China’s banking sector is lending less and less because of the spreading economic slowdown.
China’s biggest banks are expected to fall short of loan targets for the first time in at least seven years as the debilitating economic slowdown chokes demand for credit.
A drop in lending in April and May make it likely that banks’ total new loans for 2012 will come to some US$1.1 trillion, far less than the estimated government goal of US$1.3 trillion. Banks are relying more and more on small and medium enterprises for loan growth after a sharp fall in demand from the biggest state- owned borrowers.
The drying up of loan demand verifies to the severity of China’s economic slowdown. Sources said this could force the government to cut interest rates and expand stimulus measures. The economy is projected to grow at its slowest pace in 13 years this year.
New bank loans last month dropped 33% from March to US$107 billion, well below the US$123 billion median forecast by economists. Lending might decelerate further in May as the four biggest banks that account for about 40% of lending have advanced only US$5.4 billion as of May 20.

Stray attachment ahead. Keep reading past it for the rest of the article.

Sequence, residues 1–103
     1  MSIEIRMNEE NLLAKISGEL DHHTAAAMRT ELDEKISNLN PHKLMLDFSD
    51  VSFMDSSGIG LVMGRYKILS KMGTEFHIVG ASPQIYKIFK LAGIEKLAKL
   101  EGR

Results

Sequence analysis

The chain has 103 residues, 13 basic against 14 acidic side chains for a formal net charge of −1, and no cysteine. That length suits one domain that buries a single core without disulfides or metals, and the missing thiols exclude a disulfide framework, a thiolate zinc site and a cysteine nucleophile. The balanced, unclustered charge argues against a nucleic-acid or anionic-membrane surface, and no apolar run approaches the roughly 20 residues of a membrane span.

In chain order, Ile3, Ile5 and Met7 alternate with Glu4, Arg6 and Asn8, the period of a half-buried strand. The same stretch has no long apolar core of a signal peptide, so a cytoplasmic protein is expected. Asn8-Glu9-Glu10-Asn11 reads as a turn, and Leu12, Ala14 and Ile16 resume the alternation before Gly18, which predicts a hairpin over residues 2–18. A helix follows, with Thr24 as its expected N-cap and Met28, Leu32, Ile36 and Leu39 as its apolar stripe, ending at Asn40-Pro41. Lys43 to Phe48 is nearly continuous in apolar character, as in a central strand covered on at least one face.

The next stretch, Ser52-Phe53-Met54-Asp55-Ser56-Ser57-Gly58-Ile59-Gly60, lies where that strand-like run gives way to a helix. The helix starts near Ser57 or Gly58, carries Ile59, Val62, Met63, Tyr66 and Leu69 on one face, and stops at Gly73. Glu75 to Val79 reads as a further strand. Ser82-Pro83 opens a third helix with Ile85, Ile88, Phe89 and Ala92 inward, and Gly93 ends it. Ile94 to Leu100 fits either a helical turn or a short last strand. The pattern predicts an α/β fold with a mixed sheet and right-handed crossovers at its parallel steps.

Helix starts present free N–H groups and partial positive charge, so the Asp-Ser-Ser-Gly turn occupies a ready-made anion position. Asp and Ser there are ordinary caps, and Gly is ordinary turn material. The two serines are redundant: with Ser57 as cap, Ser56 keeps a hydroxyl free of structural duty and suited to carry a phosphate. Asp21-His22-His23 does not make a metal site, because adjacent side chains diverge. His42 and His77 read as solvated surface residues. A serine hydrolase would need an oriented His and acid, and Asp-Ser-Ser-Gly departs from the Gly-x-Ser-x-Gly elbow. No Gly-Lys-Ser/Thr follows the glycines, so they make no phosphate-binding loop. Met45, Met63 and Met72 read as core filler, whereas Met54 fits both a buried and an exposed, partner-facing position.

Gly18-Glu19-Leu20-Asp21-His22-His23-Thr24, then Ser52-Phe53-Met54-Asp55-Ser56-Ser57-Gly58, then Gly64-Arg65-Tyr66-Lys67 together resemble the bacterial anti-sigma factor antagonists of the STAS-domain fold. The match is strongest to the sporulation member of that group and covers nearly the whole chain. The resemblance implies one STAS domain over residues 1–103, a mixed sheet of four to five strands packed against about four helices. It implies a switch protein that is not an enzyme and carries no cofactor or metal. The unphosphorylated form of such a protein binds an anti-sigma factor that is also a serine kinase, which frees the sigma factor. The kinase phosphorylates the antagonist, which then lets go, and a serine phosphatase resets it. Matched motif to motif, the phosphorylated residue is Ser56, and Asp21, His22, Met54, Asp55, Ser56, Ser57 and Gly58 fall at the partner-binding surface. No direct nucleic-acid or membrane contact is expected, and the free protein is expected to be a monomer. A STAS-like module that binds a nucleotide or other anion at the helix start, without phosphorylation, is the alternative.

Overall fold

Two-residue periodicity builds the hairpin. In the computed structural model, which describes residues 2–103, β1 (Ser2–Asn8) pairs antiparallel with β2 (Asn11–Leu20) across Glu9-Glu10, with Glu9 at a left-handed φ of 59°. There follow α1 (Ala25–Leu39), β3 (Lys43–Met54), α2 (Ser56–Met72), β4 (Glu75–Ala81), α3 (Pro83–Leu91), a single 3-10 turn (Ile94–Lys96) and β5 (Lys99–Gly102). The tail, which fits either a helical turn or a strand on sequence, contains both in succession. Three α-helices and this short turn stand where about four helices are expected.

Analysts said that failing to meet the annual loan target would mark a turning point for Chinese banks, which have reached or exceeded the central bank’s goal every year that such quotas have been in place since 2006.
Fitch Ratings last week warned that China’s non-performing debt and special-mention loans were vastly understated and banks’ cushions are thinning as deposit growth slows and forbearance reduced loan repayments.
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